level, background, interest, and what are the students being asked to do with the text.  Are you using complex texts?

So How Do I Get Started?
To get started, begin by trying to answer these questions:
  • How often & when will I have my students complete a close read?
  • How much time will it take out of my daily reading block?
  • What texts will they read and where will I find them?
  • How will I support my students will evidence based responses?
Once you’ve answered these questions, I think you’ll be ready!  And don’t worry about getting it perfect.  There’s nothing you can really mess up in this process!  Just go with it and have fun!
My 7 Minutes A Day Close Reading Routine!
So as you already know or can tell by the information you’ve learned from close reading, it’s quite a lengthy process.  For a student to do a full close read in one sitting would take a long chunk of time

These passages are perfect because they include
each day’s instructions directly next to the passage!

and I don’t know about you, but I don’t have time for that!  #toomuchtodo  So how CAN we fit it all in?  Here’s MY routine and how I get it all in 🙂   I begin each reading block with my close reads.  I use it as their reading warm up to get their brains going and in the ‘reading mode’.  Once they are independent with close reading, this is great to have them do while I’m gathering homework, checking on students, etc.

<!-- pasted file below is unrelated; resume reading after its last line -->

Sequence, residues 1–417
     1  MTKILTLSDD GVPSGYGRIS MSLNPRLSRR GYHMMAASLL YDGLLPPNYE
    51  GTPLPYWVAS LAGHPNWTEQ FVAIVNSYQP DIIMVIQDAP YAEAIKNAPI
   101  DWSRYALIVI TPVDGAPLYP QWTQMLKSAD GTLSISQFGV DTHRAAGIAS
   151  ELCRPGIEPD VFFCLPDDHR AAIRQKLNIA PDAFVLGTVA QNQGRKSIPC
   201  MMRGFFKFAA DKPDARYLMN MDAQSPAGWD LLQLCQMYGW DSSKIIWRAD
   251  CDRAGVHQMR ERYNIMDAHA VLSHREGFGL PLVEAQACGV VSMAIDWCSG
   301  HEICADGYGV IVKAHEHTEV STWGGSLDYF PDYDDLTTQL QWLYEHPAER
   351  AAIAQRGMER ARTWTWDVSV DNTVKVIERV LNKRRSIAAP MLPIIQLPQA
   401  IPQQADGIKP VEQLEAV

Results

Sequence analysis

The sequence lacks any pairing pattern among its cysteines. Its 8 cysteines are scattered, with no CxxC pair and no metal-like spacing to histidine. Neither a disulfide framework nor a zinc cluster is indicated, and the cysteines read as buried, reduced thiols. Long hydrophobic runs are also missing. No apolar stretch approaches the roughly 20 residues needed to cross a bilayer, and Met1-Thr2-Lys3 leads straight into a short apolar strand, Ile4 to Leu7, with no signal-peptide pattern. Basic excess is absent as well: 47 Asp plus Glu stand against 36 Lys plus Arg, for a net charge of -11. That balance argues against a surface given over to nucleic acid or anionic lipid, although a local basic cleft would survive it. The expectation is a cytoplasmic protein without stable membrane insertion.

Day One:  Read entire passage & answer one wholistic question
Day Two:  Re-read the entire passage & mark up the text
Day Three:  Re-read the entire passage & complete the graphic organizer
Day Four:  No re-reading necessary.  Answer the 3 text dependent questions
Day Five:  No re-reading necessary.  Write an extended response using evidence from the text
It’s that simple!  I take 7 minutes at the beginning of my reading block each day and by the end of the week, we’ve become experts at our close reading topic!  No fuss, no mess – just simple, engaging

I place my toolkits in 6×9 manilla envelopes, but you can place them in
anything that works for you!

reading!  To make it even MORE engaging, I make & give each of my students their own Close Reading Toolkit!  Inside the kit I place:  highlighter, my annotating bookmark, post it notes, a small magnifying glass, arrow stickies, pencil, and mini anchor charts.  Students are allowed to access these kits at any time during our close reads (and other times throughout the week when instructed).  They
know how special these kits are and take great care of them!  You can grab your students’ kits just by clicking here —->  Close Reading Toolkits!  And I’ve even thrown in a few extra surprises just for the teacher!  (Close Reading questioning foldable, Close Reading Focus planning page, & EIGHT Spice It Up Close Reading strategies that will help engaging your students during your close reading).  If you have any questions about how to put the close reading toolkits together, just let me know 🙂

I hope that you know a little more now about close reading than you did when you started reading.  I’m happy to answer any questions you may have 🙂  If you need some engaging close reading passages to get you started, definitely check out my TpT store and grab them!
Too much to read right now?  Pin me for later!  



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I’m a wife, a mommy of 3, blogger, and a full time teacher author and presenter. I love to read, shop, and spend time with my family! My hands are always busy, but my heart is so full!